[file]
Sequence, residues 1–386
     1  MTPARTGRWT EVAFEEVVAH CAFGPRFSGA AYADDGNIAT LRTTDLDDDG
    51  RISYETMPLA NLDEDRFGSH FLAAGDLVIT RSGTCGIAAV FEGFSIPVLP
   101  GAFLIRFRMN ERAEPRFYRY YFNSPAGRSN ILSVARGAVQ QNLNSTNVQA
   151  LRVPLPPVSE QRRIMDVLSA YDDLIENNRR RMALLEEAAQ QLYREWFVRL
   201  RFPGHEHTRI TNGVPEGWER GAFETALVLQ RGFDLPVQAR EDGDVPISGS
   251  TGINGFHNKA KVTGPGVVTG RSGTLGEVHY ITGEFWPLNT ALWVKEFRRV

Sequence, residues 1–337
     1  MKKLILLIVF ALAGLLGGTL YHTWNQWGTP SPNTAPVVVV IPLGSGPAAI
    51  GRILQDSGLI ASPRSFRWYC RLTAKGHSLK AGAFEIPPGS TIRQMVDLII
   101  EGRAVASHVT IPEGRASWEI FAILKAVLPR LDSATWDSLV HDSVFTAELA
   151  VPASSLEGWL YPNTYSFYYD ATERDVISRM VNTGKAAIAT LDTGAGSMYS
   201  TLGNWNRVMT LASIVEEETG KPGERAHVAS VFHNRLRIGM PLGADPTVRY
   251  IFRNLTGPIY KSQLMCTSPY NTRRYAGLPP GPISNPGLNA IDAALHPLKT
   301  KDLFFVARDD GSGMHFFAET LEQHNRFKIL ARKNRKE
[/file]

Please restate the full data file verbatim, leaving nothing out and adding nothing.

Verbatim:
Sequence, residues 1–386
     1  MTPARTGRWT EVAFEEVVAH CAFGPRFSGA AYADDGNIAT LRTTDLDDDG
    51  RISYETMPLA NLDEDRFGSH FLAAGDLVIT RSGTCGIAAV FEGFSIPVLP
   101  GAFLIRFRMN ERAEPRFYRY YFNSPAGRSN ILSVARGAVQ QNLNSTNVQA
   151  LRVPLPPVSE QRRIMDVLSA YDDLIENNRR RMALLEEAAQ QLYREWFVRL
   201  RFPGHEHTRI TNGVPEGWER GAFETALVLQ RGFDLPVQAR EDGDVPISGS
   251  TGINGFHNKA KVTGPGVVTG RSGTLGEVHY ITGEFWPLNT ALWVKEFRRV

Sequence, residues 1–337
     1  MKKLILLIVF ALAGLLGGTL YHTWNQWGTP SPNTAPVVVV IPLGSGPAAI
    51  GRILQDSGLI ASPRSFRWYC RLTAKGHSLK AGAFEIPPGS TIRQMVDLII
   101  EGRAVASHVT IPEGRASWEI FAILKAVLPR LDSATWDSLV HDSVFTAELA
   151  VPASSLEGWL YPNTYSFYYD ATERDVISRM VNTGKAAIAT LDTGAGSMYS
   201  TLGNWNRVMT LASIVEEETG KPGERAHVAS VFHNRLRIGM PLGADPTVRY
   251  IFRNLTGPIY KSQLMCTSPY NTRRYAGLPP GPISNPGLNA IDAALHPLKT
   301  KDLFFVARDD GSGMHFFAET LEQHNRFKIL ARKNRKE